The 2021 Oral Health Barometer, carried out by the QSP consultant for the OMD, shows that 73.4% of children under six never go to a dental appointment, a percentage that rose from the previous edition of the barometer, in 2019.

Analysing these data, the chairman of the OMD, Miguel Pavão, told Lusa agency that this data from the barometer is the one that raises the “greatest concern” to professionals.

"This means that there is work upstream to be done", he defended, explaining that the OMD has called for the dental check to include children "from an early age".

According to Miguel Pavão, monitoring during childhood ends up having "behavioural changes for a better oral health of the population".

The data compiled by the barometer indicate that children aged between 10 and 12 years old are the ones who use dental checks the most, while children aged 16 and over are the ones who use the least, followed by children up to 6 years old.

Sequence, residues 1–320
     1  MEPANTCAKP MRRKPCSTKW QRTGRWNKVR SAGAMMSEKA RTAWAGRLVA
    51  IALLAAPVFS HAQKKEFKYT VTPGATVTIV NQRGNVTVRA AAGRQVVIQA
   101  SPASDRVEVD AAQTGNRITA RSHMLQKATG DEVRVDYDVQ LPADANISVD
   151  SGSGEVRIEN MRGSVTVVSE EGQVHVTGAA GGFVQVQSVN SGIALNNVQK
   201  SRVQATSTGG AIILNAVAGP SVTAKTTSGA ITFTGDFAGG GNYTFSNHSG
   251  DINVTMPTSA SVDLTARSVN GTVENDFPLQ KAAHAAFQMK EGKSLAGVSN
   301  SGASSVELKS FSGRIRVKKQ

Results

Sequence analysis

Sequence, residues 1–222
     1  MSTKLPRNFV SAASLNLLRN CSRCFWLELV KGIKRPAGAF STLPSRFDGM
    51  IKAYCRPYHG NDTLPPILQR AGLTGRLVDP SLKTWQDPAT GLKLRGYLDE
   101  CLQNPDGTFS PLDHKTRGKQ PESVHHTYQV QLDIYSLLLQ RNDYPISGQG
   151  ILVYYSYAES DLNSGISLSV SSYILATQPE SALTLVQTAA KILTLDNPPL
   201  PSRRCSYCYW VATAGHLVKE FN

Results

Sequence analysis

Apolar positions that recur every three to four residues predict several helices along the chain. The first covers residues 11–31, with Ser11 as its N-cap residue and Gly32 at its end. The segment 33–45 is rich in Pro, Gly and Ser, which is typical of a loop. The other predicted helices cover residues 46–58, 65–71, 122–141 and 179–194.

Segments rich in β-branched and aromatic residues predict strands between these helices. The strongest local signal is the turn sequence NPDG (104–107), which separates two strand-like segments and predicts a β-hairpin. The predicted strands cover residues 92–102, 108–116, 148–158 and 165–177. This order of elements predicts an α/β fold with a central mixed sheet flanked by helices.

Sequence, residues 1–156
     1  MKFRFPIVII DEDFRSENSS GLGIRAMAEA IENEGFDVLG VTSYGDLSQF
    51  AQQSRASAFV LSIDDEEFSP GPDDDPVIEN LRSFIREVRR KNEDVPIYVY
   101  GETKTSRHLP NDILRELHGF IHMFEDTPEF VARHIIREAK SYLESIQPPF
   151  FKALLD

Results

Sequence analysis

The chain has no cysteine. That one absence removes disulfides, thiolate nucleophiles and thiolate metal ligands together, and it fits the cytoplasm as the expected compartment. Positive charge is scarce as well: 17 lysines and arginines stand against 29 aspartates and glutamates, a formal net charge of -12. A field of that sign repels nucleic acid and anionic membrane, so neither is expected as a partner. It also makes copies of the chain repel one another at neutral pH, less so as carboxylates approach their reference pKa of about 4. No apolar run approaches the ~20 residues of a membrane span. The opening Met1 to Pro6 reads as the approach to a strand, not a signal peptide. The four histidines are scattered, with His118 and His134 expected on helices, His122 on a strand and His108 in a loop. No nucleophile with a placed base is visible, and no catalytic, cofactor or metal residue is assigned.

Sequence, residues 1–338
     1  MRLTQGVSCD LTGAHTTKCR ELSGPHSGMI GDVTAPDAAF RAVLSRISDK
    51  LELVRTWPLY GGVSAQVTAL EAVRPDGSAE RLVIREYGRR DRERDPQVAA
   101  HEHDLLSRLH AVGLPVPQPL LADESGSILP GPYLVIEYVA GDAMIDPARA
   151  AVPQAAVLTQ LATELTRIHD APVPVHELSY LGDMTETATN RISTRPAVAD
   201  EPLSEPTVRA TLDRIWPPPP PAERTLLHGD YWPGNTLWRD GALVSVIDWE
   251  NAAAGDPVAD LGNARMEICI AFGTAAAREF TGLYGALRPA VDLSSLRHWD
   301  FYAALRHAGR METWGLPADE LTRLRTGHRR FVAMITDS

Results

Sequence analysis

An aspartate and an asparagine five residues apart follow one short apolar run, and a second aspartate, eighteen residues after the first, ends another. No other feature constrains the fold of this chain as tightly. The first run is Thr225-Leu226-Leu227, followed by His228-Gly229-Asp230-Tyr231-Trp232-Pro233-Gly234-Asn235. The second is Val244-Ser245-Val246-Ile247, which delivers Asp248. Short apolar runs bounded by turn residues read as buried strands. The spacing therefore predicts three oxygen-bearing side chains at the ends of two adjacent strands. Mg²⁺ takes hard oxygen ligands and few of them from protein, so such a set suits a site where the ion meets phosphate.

As for oral hygiene, 76.2% of respondents say they brush their teeth frequently, at least twice a day, a percentage similar to that recorded in the previous edition of the barometer.

According to the study, the percentage of Portuguese people who wash their teeth three or more times a day increased, the same being true for cleaning their dentures/dentures.

Compared to the 2019 barometer, there are more Portuguese (seven percentage points more) going to the dentist for routine cleaning, check-up or orthodontic appointments.

The barometer also indicates that 60.5% of the Portuguese consider Dental Medicine to be “a medical area that is more expensive than the others”, a situation that increased compared to 2019 (53.8%).